Discovering a new hero — Father Greg Boyle, founder of Homeboy Industries — thanks to a recent inspiring article House Of Second Chances on Fast Company. The curiosity spiked by that article led to two books G-Dog and the Homeboys: Father Greg Boyle and the Gangs of East Los Angeles by Celeste Fremon and Tattoos on the Heart: The Power of Boundless Compassion by Gregory Boyle (yes, the G-Dog himself!). Rating for both the books: Must Read.
Came across a thought-provoking passage in the Celeste Fremon book on the disconnect between public policy and real-world experiences, research, and learning.
For the first ten years after G-Dog and the Homeboys was published, although academics (and a few journalists like me) learned much about the underlying causes of gang violence, very little of the knowledge seemed to enter the arena of public policy. “In dealing in a practical way with street gangs, the greatest impediment had been, and remains, the absence of shared information about their nature,” wrote Malcolm Klein in 2004 (Klein is professor emeritus at the University of Southern California and one of the country’s dean of gang research.) As a result, most state and national funding was funneled to law enforcement and incarceration facilities with little left over for prevention and intervention measures – a policy that, as Father Greg would put it, is about as effective as attempting to cure cancer by giving all the money to the undertakers.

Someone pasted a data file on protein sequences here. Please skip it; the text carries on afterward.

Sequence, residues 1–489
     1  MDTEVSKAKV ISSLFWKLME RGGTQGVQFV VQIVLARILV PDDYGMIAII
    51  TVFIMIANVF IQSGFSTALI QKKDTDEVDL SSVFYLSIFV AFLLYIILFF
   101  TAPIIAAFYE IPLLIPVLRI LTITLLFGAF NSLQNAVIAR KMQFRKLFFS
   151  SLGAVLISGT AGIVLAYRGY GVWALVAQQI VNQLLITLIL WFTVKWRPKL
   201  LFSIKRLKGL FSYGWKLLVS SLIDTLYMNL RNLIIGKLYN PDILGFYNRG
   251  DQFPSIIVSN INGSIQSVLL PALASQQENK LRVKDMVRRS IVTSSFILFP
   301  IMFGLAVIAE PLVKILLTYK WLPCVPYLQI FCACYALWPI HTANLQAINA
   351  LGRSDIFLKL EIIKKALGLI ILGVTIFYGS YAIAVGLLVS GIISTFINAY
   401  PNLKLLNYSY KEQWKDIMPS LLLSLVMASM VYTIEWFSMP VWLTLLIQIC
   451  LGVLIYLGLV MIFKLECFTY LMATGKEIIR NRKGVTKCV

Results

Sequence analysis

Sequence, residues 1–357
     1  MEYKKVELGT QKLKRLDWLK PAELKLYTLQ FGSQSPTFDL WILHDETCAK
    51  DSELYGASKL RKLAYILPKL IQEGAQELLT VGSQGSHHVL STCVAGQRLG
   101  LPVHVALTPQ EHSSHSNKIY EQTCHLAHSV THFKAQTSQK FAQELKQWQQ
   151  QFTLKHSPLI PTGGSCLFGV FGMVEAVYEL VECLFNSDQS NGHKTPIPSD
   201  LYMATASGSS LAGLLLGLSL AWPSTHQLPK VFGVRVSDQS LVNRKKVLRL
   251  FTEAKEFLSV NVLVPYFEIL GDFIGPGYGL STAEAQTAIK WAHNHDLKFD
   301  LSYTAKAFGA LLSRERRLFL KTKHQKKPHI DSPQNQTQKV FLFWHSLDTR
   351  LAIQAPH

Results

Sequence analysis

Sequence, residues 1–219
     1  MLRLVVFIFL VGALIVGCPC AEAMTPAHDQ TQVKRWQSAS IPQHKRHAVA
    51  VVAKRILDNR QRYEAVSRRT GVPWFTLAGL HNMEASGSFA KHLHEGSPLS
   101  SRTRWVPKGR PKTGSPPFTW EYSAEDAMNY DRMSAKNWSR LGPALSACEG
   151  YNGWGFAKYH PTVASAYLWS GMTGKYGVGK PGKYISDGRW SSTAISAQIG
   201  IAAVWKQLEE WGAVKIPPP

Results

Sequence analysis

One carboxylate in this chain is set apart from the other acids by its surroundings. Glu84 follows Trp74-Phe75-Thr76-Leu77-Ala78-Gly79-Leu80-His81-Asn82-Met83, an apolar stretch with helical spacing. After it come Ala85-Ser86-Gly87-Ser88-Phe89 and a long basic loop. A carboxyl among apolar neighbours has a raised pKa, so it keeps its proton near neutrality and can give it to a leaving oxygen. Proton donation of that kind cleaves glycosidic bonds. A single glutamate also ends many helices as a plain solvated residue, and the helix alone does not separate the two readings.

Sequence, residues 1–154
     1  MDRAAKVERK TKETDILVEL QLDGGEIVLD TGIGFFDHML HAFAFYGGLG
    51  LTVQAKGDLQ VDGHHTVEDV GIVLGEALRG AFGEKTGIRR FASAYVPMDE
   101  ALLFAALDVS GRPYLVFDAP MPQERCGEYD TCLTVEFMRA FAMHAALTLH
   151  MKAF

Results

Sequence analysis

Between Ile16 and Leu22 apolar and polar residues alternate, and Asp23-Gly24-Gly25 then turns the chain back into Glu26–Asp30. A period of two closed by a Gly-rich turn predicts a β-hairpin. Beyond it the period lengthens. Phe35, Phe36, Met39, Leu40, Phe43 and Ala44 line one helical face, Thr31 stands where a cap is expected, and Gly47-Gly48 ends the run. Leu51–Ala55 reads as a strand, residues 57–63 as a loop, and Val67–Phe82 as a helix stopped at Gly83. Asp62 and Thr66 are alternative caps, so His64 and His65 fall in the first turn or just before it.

pages 4-5 in G-Dog and the Homeboys: Father Greg Boyle and the Gangs of East Los Angeles by Celeste Fremon
Unfortunately, this is true not just of gang violence, but also of many other cases as well.